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Estimates presented to mayors last week show solid national GDP growth in the near term. But there are concerns about workforce participation, regional divides and immigration policy.
WASHINGTON — The global economy is expanding briskly, an economic forecaster told mayors here last week. That's good news for many U.S. metro areas.
But Jim Diffley, of IHS Markit, also cautioned that the nation's economic growth would likely slow in 2020, partly due to tightness in the labor market. And he said coastal U.S. metro economies, in both the east and west, were generally showing greater strength than those in other areas, raising concerns about regional economic divides.
Immigration was another issue that came up during the meeting where Diffley spoke. In attendance were members of the U.S. Conference of Mayors Council on Metro Economies and the New American City. The panel convened during the conference's annual winter meeting, held here Wednesday through Friday.
"We haven't seen this type of synchronized growth in the global economy in a decade," Diffley told the mayors. He added: "All the things that create export demand for U.S. goods are growing."
IHS estimates U.S. gross domestic product growth will be 2.7 percent this year (the highest figure since 2015), and 2.6 percent in 2019.
But after that, in 2020, the estimates show GDP growth falling to 2.0 percent. Key reasons IHS offers to explain the predicted drop are two-fold. One is that job openings are expected to exceed available, qualified workers, hampering the pace of growth. Another is that higher federal budget deficits are expected to curtail spending.
The recently enacted federal tax overhaul will have double-edged effects, Diffley explained, helping to boost growth in the next two years, but also contributing to future deficits.
There are a variety of factors acting as constraints on labor market growth, Diffley told the mayors.
A big one is that Baby Boomers are reaching retirement age. Other factors include the opioid drug addiction epidemic hitting parts of the U.S., and a lack of skilled workers for fields like construction and manufacturing. "Now is a good time to bolster workforce training programs, the jobs and job demand will be there," Diffley said.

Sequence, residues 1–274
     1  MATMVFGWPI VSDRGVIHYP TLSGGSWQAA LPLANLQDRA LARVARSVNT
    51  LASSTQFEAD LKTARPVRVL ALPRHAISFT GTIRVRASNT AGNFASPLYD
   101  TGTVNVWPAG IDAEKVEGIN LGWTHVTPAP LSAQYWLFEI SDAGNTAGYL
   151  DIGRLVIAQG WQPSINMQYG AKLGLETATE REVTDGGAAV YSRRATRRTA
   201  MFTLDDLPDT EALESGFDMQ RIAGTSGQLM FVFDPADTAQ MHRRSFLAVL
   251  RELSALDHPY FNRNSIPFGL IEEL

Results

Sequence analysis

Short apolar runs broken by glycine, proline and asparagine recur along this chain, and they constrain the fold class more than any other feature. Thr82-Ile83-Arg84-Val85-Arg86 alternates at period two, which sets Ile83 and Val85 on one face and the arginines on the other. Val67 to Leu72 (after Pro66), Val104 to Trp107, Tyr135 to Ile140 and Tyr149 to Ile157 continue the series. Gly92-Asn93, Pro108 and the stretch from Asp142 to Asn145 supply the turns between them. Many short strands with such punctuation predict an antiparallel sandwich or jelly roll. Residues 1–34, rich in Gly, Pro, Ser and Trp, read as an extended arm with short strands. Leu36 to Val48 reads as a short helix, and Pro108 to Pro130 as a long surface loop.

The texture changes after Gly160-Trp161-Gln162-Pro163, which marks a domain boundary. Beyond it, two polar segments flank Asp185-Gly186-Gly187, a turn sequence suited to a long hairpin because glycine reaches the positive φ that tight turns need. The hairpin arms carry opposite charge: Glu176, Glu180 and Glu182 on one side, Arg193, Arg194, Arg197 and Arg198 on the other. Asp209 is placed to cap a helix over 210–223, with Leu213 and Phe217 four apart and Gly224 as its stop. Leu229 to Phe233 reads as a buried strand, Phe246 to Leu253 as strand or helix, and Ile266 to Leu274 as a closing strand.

He also said IHS was hoping to do a full study in the coming months on the effects of immigration on the workforce and that it could act as a buffer against declines in labor force participation that would otherwise occur.
And he noted 11 states, including six of the largest—Illinois, Michigan, New Jersey, New York, Ohio and Pennsylvania—would have seen population declines in recent years were it not for foreign immigrants.
"What you're suggesting is it would behoove the country to figure out immigration," said Louisville, Kentucky Mayor Greg Fischer, who chairs the Council on Metro Economies and the New American City.
IHS also provided the mayors a forecast for employment growth by metro area in 2018.
At the top of the list: Orlando-Kissimmee-Sanford, Florida (2.9 percent) and Austin-Round Rock, Texas (2.8 percent). Those areas were trailed by five metros with 2.7 percent projected employment growth. These included the regions in and around Las Vegas; Tampa, Florida; Nashville, Tennessee; Raleigh, North Carolina; and San Antonio.
At the bottom of the employment growth list: Hartford, Connecticut (0.2 percent), Buffalo and Rochester, New York, and Virginia Beach, Virginia (all 0.4 percent).
Coastal metros on both sides of the country are leading when it comes to U.S. economic growth, Diffley pointed out. "They dominate in GMP growth, they dominate in job growth, and they very much dominate in income growth, and result in high home prices," he said, using an abbreviation for gross metropolitan product, a similar metric to GDP.
He added that, given this trend, there are concerns about a "two-tier" economy "with the coastal metros getting stronger, and stronger at the expense of some of the interior metros."
Bill Lucia is a Senior Reporter for Government Executive's Route Fifty and is based in Washington, D.C.